Ew! Worms!

By Helen Siegel

For the past two years we have offered a Gardening Class among the Wellness Wednesday options led by parent volunteer Liba Zweigbaum Herman sharing her passion for and training in Environmental Education. This year students are very fortunate to be learning with Liba who is co-teaching with Curtis Wilson, the Director of SLP SEEDS, a St. Louis Park initiative in sustainability and wellness. Second-grade teacher Crystal Reese and Helen Siegel support (and enjoy) the class as well. (You can read more about Curtis and his work in the April 2017 issue of St. Louis Park Magazine.)

This past week, the lesson centered around the importance of nutrient rich soil needed for gardening and farming. We learned that there needed to be interdependence of elements in the environment and soil for it to be best for growing things. We learned that without just one of those elements, the soil would not be of good quality. We needed worms!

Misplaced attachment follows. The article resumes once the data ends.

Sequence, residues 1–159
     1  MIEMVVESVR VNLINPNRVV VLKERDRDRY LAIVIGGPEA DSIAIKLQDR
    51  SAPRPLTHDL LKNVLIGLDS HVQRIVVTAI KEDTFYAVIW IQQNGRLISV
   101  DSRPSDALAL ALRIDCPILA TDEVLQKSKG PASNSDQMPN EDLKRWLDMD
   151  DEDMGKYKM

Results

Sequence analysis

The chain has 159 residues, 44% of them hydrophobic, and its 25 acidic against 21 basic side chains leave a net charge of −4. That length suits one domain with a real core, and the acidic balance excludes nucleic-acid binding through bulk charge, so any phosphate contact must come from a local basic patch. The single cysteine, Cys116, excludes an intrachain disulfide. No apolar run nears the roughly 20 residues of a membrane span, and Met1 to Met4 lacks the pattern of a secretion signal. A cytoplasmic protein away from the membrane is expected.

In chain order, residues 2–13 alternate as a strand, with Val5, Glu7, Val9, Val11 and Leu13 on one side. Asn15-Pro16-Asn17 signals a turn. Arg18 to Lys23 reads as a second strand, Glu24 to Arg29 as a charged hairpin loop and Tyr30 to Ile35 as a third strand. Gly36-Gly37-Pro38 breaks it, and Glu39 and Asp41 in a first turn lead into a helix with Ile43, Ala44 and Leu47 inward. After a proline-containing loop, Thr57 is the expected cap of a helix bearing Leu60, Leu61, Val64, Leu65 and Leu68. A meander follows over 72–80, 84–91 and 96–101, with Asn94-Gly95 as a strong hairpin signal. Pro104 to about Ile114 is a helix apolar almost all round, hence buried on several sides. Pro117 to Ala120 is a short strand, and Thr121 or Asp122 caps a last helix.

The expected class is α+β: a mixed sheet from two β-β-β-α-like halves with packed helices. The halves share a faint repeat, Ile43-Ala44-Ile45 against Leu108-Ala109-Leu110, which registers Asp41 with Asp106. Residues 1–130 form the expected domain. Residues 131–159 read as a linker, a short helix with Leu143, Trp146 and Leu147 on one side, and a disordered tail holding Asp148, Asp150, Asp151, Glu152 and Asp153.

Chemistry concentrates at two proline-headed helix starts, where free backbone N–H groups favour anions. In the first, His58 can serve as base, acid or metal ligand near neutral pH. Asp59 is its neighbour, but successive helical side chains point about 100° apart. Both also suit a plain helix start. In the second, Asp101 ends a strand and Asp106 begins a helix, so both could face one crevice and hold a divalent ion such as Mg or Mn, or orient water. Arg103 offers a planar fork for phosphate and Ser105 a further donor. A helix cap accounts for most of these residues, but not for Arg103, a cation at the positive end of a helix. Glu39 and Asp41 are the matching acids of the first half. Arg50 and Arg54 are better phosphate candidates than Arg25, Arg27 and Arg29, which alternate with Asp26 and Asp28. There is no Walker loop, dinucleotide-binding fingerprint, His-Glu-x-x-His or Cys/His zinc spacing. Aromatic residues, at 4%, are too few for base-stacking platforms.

The Gardening Class students helped Mr. Curtis begin composting, a process in which worms are a very important part. The students prepared the environment where the worms could thrive and perhaps multiply in time for planting season. They held the wiggly creatures and then added them to shredded newspaper, compostable garbage (worms love avocado peels) and some grass. Let the composting process begin.

As we continue to expand our STEAM (Science, Technology, Engineering, Art and Math) curriculum, we are excited for Wellness Wednesdays so that we can engage in hands-on lessons with Mr. Curtis learning about the the science of gardening.


Helen Siegel, Distinguished Educator, has been a teacher and administrator at Heilicher for 27 years.

  • Gardening
  • Partnerships

More Posts

Noisemakers from the Makerspace

With Purim coming this week, now is the perfect time to make a grager! This activity is an example of the types of projects students at Heilicher do in our Makerspace. The Makerspace, which opened in 2018, is a self-directed workspace where kindergarteners can tinker, try solutions, collaborate, and problem solve with one another. The hands-on character of the Makerspace provides a “creative playground” where students can explore materials and learn by doing.